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From USA Today:

When the U.S. World Cup team arrived in Johannesburg on Monday, the historic moment had special significance for several of the team’s African-American players.

“To represent America means a lot to me, especially since it’s my second time around,” defender Oguchi Onyewu said. “On top of that, me being Nigerian, it’s also a special moment to take part in history since this is the first time the World Cup is being played on African soil.”

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Onyewu grew up in Maryland, but his parents emigrated from Nigeria in the 1970s. His given name is “Oguchialu,” which means “God fights for me.”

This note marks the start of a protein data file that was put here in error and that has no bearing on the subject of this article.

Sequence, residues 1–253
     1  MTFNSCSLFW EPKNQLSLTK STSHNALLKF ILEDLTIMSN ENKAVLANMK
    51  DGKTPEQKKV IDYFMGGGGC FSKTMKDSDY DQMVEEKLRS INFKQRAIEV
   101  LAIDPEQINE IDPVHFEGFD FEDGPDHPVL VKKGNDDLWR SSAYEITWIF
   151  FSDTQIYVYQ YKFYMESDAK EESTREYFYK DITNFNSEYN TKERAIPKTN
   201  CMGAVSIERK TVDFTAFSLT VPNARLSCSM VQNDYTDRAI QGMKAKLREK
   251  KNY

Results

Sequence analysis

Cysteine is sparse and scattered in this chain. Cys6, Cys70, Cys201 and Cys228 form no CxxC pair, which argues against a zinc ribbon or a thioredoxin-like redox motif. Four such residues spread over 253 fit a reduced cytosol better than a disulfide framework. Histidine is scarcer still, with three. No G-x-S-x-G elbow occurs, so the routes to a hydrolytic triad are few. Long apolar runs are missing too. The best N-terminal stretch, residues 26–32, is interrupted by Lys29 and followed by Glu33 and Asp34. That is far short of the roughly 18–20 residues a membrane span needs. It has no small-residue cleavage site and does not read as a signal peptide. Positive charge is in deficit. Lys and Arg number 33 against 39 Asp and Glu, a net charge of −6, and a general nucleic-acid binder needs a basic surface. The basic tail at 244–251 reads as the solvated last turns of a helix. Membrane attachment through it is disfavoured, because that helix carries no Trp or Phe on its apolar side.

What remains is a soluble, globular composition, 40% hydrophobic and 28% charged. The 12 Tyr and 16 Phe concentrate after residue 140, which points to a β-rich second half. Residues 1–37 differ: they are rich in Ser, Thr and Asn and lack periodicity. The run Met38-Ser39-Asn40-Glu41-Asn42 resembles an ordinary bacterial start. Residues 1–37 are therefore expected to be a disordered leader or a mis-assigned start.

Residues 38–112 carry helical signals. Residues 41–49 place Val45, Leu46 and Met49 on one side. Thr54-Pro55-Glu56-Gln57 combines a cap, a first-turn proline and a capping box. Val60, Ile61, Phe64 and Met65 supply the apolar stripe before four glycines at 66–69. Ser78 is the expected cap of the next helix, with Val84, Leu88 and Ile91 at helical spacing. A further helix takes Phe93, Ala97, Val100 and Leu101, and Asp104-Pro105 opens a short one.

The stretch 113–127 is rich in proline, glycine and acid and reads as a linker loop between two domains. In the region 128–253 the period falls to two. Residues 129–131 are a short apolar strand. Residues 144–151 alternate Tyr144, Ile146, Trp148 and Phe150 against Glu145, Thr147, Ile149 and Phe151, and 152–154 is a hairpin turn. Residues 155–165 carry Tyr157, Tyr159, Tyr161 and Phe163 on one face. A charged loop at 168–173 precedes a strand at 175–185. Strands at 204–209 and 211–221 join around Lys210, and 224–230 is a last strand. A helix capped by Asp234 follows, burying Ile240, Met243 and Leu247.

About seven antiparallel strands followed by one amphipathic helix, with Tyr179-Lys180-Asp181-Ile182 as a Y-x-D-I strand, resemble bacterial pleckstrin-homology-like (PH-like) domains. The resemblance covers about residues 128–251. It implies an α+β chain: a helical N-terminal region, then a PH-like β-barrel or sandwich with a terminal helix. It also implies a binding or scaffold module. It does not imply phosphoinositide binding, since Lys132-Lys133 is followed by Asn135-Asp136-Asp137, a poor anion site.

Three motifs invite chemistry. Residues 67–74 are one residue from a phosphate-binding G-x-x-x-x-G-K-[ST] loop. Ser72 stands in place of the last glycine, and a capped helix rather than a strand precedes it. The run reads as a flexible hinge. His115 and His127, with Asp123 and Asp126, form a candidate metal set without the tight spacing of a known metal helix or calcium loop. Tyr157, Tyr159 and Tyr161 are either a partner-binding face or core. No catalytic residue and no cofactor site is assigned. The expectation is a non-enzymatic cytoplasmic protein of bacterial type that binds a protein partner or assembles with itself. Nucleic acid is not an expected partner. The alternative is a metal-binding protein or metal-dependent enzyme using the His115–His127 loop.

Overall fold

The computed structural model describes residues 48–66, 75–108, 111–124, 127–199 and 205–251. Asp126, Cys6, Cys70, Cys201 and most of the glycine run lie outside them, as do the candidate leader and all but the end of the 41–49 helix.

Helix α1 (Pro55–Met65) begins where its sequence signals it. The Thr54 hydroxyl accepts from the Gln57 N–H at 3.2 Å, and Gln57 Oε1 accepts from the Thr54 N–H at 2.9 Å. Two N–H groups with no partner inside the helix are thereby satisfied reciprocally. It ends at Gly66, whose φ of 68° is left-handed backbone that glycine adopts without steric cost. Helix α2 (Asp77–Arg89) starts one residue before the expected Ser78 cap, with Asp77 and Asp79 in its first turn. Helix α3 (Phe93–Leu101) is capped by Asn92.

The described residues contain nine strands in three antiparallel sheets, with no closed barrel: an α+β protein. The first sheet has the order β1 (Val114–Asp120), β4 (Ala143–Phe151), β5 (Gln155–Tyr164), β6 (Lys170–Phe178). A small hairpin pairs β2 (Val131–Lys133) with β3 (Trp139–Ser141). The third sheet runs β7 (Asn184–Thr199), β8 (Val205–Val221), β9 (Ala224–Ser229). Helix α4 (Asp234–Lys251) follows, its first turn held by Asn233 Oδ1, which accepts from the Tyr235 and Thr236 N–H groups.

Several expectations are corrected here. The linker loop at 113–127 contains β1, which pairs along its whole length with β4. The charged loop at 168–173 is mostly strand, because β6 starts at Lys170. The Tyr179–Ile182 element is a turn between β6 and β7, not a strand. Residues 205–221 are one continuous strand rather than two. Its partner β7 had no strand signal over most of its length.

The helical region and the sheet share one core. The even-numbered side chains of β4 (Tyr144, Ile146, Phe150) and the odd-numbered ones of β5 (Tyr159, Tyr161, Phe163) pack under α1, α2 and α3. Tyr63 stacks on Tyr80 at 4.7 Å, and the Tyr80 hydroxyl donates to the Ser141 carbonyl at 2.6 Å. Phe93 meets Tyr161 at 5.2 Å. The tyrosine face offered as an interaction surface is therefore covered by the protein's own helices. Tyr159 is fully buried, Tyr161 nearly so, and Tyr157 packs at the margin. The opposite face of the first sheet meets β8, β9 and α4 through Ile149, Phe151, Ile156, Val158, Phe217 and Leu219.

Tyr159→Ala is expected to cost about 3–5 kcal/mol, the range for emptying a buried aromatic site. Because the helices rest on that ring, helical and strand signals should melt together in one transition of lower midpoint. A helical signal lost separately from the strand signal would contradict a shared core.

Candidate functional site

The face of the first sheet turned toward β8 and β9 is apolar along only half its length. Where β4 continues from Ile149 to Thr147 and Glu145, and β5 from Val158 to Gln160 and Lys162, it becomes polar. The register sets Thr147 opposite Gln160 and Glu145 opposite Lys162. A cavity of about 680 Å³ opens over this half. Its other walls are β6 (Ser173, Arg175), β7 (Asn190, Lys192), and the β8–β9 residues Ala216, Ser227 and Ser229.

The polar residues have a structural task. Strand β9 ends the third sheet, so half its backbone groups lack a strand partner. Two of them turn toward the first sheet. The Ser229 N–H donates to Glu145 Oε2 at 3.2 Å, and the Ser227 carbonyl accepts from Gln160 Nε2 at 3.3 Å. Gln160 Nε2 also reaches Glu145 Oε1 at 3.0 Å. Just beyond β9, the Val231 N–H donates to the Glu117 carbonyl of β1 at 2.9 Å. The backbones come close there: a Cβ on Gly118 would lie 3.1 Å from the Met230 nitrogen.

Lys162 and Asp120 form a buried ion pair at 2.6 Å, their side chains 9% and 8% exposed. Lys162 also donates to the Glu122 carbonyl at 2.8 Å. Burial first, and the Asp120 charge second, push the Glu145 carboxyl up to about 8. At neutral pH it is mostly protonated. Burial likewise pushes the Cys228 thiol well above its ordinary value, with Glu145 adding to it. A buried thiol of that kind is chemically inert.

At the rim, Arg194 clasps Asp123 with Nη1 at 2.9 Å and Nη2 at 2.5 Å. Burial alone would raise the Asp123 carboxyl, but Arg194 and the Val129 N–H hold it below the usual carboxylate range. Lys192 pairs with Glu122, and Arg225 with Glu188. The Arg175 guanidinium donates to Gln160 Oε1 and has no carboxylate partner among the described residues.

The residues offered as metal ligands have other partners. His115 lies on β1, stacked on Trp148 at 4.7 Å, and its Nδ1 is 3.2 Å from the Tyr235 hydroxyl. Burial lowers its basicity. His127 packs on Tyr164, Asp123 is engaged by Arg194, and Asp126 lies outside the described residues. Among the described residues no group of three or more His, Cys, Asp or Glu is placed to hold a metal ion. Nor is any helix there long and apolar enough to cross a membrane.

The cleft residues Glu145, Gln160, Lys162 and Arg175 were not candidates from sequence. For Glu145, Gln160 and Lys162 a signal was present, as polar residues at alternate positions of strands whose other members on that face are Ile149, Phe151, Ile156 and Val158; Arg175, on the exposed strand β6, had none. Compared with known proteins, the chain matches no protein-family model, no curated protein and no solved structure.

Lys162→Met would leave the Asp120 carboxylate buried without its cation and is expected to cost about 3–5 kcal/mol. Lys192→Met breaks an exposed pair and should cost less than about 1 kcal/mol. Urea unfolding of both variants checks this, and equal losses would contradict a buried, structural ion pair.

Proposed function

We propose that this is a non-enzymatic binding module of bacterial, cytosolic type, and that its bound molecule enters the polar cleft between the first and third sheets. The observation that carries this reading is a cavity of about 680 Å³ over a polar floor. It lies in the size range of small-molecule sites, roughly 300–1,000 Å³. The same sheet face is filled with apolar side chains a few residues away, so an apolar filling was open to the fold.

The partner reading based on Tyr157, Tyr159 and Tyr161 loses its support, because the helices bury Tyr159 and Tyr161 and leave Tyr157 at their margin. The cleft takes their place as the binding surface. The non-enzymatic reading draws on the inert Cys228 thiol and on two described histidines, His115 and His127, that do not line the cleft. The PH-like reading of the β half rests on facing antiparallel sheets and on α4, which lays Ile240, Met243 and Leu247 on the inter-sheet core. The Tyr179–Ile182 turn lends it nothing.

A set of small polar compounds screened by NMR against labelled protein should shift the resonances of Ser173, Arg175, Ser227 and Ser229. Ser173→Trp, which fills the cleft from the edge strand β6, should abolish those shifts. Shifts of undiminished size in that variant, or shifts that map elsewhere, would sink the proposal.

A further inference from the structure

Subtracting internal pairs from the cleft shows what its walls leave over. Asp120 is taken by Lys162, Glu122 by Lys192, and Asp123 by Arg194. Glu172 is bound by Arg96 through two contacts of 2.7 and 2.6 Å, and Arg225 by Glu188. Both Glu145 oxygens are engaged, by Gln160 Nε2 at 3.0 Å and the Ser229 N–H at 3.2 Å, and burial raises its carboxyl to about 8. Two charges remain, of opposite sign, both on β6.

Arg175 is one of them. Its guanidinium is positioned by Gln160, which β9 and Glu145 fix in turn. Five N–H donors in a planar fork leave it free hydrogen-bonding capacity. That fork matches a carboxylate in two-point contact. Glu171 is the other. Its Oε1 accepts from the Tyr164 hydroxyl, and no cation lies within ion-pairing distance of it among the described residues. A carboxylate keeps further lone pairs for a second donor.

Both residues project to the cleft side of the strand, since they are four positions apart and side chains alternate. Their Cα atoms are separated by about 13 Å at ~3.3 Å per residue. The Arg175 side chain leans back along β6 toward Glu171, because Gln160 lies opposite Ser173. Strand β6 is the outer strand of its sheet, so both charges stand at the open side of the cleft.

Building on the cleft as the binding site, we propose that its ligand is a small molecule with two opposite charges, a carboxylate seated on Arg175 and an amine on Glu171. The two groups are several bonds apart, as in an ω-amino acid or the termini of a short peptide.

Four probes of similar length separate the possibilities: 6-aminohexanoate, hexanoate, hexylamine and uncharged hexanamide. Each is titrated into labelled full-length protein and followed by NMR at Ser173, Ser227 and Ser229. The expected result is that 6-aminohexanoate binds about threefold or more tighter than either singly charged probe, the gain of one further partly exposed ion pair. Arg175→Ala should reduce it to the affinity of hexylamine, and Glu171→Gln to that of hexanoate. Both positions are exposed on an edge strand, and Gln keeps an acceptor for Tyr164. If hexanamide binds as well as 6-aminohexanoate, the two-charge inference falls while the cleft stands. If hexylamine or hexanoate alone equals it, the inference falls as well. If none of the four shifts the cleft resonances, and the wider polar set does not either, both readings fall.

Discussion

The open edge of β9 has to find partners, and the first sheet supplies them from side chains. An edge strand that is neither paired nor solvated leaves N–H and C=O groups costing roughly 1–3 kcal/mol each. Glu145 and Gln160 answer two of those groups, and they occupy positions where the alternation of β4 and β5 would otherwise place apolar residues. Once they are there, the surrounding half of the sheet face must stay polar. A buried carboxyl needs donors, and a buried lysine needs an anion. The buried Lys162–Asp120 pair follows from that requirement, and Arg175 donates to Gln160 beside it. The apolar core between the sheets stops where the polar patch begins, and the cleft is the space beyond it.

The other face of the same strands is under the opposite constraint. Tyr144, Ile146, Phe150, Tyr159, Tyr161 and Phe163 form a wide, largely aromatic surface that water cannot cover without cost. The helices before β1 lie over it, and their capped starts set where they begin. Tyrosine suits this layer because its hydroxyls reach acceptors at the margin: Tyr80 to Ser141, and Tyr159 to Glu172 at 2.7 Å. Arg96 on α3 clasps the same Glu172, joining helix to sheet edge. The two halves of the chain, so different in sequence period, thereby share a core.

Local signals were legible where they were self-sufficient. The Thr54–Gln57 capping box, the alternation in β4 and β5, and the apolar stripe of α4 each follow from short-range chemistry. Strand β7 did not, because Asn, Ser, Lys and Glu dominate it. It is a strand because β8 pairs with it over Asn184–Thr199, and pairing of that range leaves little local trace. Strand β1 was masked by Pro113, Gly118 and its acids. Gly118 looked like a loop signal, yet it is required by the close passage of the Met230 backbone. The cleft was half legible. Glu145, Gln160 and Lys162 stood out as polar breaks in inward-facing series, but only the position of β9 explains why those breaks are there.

Midfielder Maurice Edu, whose parents also emigrated from Nigeria, thinks the World Cup, the world’s most watched sporting event, can have an impact far beyond the field of play.

“Given the social status and the economy there, it could really do a lot in terms of boosting the country and portraying the country in a positive light. It would be great for all 23 players because we can look back at that and say we were part of something special,” said Edu, who was raised in Fontana, Calif.

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